I Hear the Bells, Mike Doughty
This is kind of cheating for the rules of the playlist, since I can’t remember exactly when it was or where I was headed. Regardless, I have a vivid memory of being in my car, driving on the most boring stretch of 580 at night, nothing visible out the windows except highway and hills. It was the first time I’d listened to Haughty Melodic loud, without any distractions (and finally rid of any preconceptions that it’d be just like another Soul Coughing album). The music was swelling, I was singing at the top of my lungs, and I would’ve sworn that at any second the car would take flight and launch off the freeway into the darkness.

You Are the Everything/Untitled, REM
I got Green while I was in my freshman year of college in Manhattan, just because “Stand” was popular on MTV at the time. I’m not sure that I’m cut out to live in New York now, and I know for a fact that I wasn’t when I was 17. I remember sitting in my dorm room one night when I was feeling particularly homesick, and when “You Are the Everything” started with its sounds of crickets and frogs at night, it occurred to me that it had been a month since I’d actually seen a tree outside of a planter. That album became one of my links back home to Georgia whenever I started to regret trying so hard to escape Georgia in the first place. And I didn’t realize it at the time, but I’d end up leaving Manhattan to go to school in Athens, Georgia, instead, where I soon got sick of hearing REM constantly.

Which reminded me of the untitled bonus track from Green, which conjures a vivid memory of annoying the hell out of my roommates. We had downstairs neighbors in the dorm who listened to “Jane Says” by Jane’s Addiction super loud at least four times a day, which in retrospect was lucky for me, since they bore the brunt of all the annoyance that would’ve been directed at me for listening to Green almost as often. The opening drum beat from that untitled song is now combined with the sound of my Mac Plus ejecting a floppy disk as my memory of my year-long audio assault on the poor people who lived with me.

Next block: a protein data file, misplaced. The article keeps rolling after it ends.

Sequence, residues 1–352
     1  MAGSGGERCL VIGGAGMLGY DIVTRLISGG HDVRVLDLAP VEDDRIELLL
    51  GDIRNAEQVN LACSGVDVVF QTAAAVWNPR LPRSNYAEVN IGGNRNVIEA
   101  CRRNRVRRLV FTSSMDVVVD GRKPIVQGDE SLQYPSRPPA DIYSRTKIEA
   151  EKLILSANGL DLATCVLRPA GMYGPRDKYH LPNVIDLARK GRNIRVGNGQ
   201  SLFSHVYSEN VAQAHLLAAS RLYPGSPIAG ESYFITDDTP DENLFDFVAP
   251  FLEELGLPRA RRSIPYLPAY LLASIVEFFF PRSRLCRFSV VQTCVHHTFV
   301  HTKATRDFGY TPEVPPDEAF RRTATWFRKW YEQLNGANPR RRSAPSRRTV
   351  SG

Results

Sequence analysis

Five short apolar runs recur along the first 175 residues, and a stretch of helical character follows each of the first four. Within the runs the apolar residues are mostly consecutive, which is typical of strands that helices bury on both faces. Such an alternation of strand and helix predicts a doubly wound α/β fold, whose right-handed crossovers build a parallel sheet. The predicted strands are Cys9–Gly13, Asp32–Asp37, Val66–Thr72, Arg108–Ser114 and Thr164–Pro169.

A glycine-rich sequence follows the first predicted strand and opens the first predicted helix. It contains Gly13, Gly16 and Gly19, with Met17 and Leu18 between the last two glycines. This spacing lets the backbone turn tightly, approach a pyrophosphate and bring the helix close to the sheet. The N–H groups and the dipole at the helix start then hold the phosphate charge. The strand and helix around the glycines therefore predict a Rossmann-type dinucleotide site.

Sweet Thursday, Pizzicato Five
I was taking beginning Japanese language classes in Japantown over the weekends, and I’d always hit the bookstore afterwards to pick up an import CD from Pizzicato Five, Fantastic Plastic Machine, or game and anime soundtrack. I was riding back to Marin from San Francisco on 101, listening to The Sound of Music by Pizzicato Five, and I was enjoying it so much that I drove past my exit and figured I’d keep going north until the album ended. I thought “Sweet Thursday” was beautiful (and still do), but this day in particular was after a class where we’d gone over the days of the week. The phrase “mokuyoubi no asa” (Thursday morning) jumped out at me, because it was the first time I’d heard it as the word for “wood” plus one of the words for “day.” I’d spent all my time learning vocabulary through arbitrary memorization, and it had never occurred to me that the Japanese names for the days of the week had a system just like English, with “sun” + “day,” “moon” + “day,” “Odin’s” + “day”, etc. It suddenly felt like the language would be more accessible and fun if I looked for patterns and similarities instead of thinking of it as something completely foreign and difficult.

Sweet Thing, Van Morrison